TODD STONG, PhD, PE
ON LAKESIDE INFRASTRUCTURE
By Kay Davis
On April 5, Todd Stong answered questions at Open Circle with the direct, yet oddly oblique, responses so common of Casey Stengel, long time manager of the New York Yankees. Not that Todd was trying to evade answers. It’s just that sometimes the answer involves a question not yet raised. For instance, why aren’t sewage capacities up to par? Answer: the airport. What was that? It turns out that when turbines are sitting on the concrete, waiting for parts, customs may be backed up at the airport.
In short, simple answers don’t apply to interrelated issues, and sewage is one such topic. How about expanding the carretera along the north shore? There has been plenty of talk about alternative routing but lately nothing about using Ocampo for eastbound traffic while 16th provides westbound flow. There is talk about using a high road farther up the mountain, a choice not favored by home owners high up. And any discussion of extending the Libramiento to the water’s edge and running alongside the lake front or over the water east-west has been ended by the contract with WalMart.
Cobblestone streets are a related issue. Todd would prefer the stones were surrounded with concrete so the cobblestones would stay in place, much as is being done in Jocotepec. Joco is putting in sewer pipes deep under the streets that are being redone. In time all streets will have this improved method of servicing public needs within town.
Toxicity in the lake is another question related to sewage if it is leaking into the lake. However, the water here is healthier than in northern lakes like the Great Lake system. Toxic materials are found only within the organs of fish that feed off the bottom while the white meat is unaffected, therefore good to eat. A bigger problem is over-fishing, an education issue. Old ways are slow to change.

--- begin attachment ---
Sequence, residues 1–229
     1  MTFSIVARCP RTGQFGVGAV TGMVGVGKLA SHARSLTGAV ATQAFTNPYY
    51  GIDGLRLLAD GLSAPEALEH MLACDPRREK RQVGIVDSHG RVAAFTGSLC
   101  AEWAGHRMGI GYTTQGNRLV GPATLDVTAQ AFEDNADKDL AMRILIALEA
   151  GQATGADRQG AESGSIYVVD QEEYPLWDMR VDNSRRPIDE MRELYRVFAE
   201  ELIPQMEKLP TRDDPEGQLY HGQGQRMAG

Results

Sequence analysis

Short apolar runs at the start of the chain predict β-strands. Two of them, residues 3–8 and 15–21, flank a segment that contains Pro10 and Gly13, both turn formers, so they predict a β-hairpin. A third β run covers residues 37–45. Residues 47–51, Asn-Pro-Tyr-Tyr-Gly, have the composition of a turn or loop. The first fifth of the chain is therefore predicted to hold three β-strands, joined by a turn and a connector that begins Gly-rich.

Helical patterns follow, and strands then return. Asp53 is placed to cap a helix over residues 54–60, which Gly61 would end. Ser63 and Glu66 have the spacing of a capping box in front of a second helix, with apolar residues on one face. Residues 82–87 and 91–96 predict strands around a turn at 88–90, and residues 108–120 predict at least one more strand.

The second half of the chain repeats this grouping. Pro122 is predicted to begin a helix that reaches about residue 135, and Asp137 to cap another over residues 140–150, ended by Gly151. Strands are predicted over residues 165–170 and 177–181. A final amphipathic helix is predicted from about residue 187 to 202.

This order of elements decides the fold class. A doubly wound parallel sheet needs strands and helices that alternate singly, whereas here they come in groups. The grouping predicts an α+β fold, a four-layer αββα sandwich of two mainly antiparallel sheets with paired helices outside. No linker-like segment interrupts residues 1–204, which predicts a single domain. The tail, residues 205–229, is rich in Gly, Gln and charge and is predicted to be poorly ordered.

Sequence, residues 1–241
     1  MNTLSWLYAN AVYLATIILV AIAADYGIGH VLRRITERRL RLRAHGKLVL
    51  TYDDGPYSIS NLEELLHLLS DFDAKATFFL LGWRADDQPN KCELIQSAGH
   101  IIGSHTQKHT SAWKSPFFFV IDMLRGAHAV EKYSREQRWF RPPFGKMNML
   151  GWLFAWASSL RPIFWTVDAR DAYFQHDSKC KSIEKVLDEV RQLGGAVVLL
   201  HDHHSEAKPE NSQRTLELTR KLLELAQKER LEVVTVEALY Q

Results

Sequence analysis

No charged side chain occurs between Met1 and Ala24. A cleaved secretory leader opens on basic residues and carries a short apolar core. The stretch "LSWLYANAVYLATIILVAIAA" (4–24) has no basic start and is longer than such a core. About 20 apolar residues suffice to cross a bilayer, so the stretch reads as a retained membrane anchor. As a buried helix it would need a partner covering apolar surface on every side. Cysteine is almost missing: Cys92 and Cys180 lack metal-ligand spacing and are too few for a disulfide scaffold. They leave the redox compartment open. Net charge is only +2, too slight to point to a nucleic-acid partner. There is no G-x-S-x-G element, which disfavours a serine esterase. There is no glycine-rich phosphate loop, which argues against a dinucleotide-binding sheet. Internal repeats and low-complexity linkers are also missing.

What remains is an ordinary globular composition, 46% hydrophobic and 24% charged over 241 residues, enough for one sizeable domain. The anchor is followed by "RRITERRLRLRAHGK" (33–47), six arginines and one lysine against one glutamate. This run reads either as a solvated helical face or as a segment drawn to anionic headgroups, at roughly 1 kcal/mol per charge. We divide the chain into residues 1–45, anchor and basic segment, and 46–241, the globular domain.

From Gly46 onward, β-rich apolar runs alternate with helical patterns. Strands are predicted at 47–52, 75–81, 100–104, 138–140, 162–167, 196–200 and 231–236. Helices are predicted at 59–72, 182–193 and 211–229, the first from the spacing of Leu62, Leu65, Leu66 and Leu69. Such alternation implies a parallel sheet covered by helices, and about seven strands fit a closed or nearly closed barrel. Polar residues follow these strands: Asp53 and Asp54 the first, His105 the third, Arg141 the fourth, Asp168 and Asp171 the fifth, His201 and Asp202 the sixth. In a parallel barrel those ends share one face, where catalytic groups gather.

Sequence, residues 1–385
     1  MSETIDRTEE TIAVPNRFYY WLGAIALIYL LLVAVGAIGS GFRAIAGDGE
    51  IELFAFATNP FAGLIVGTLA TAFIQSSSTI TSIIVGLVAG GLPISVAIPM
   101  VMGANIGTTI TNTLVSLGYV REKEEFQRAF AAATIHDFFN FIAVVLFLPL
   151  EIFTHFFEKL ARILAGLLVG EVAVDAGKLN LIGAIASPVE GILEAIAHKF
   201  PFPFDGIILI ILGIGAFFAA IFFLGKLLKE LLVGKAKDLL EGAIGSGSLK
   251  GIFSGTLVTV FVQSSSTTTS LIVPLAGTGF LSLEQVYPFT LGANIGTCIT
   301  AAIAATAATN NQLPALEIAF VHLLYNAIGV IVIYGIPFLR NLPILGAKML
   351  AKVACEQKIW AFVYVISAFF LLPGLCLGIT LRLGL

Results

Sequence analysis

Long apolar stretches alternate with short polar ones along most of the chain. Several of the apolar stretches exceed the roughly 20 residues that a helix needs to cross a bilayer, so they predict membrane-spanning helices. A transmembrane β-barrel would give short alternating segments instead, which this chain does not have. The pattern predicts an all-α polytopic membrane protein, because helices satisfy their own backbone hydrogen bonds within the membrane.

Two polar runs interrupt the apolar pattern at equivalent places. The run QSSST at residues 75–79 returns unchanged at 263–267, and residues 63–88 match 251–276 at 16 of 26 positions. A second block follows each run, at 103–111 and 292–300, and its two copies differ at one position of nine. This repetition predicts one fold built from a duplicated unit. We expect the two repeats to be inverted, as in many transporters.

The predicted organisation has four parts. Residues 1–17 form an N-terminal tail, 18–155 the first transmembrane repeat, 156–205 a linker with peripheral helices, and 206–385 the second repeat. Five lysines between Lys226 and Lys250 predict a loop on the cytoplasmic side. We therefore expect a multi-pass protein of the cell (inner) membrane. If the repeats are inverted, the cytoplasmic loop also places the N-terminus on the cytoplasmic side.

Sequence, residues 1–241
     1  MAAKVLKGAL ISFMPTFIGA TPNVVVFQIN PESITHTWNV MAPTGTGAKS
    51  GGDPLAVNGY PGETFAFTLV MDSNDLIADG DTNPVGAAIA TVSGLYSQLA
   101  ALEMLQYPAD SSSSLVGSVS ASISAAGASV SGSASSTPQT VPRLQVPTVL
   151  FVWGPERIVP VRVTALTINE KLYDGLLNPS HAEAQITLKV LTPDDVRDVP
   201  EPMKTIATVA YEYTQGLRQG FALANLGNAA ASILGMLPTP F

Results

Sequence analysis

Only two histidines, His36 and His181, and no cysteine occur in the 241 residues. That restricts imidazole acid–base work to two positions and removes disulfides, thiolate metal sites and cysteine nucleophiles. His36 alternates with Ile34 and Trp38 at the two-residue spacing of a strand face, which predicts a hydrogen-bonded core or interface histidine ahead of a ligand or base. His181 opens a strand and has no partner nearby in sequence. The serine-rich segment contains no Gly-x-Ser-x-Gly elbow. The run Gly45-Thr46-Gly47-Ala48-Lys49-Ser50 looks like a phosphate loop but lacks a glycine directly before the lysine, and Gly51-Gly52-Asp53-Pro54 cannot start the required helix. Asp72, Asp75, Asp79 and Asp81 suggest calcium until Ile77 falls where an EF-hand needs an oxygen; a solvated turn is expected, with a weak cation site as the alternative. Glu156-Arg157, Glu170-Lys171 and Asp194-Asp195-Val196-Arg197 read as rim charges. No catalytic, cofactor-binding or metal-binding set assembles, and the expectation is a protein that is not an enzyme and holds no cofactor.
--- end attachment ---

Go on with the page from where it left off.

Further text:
Crime and drugs are another education issue. Our local community is better than many others, but Mexico still rates a sixth grade education as “literate.” For many Mexicans, assuming they can afford schooling at all, sixth grade is all they can manage. Raising expectations will come as more jobs become available. Meanwhile skills training, English training and athletics are areas that ex-pats can help with by volunteering knowledge and time.
Security will come when police are on the street rather than in the backs of trucks. But to achieve that change depends on politics, much dependent on election cycles, as is every other project related to our local infrastructure.
The budgets are based in Chapala and Jocotopec, which come, in part, from Jalisco funding. How many politicians directly affect whether the malecon and beach developments at Lake Chapala are ever completed? Quien sabe? (Who knows?) What we do know is that there is a three-year cycle, or term in office, to local politics. The first year, the politician learns, establishes contacts and begins to build long term plans. Year two, he gets done, and the media praises him. Year three, he needs to run for office so he will have a second term in which to carry out all that planning. Not much else gets done in year three. Assuming that he gets reelected, some of that cycle is shortened and more work is actually accomplished unless he is the kind of politician who seeks to gain personally from the position, in which case the whole community loses.
Sounds like back home, doesn’t it? About a generation back, the same issues were being worked on up north. Now their infrastructure is in place. And knowing that gives me hope for our infrastructure at Lakeside.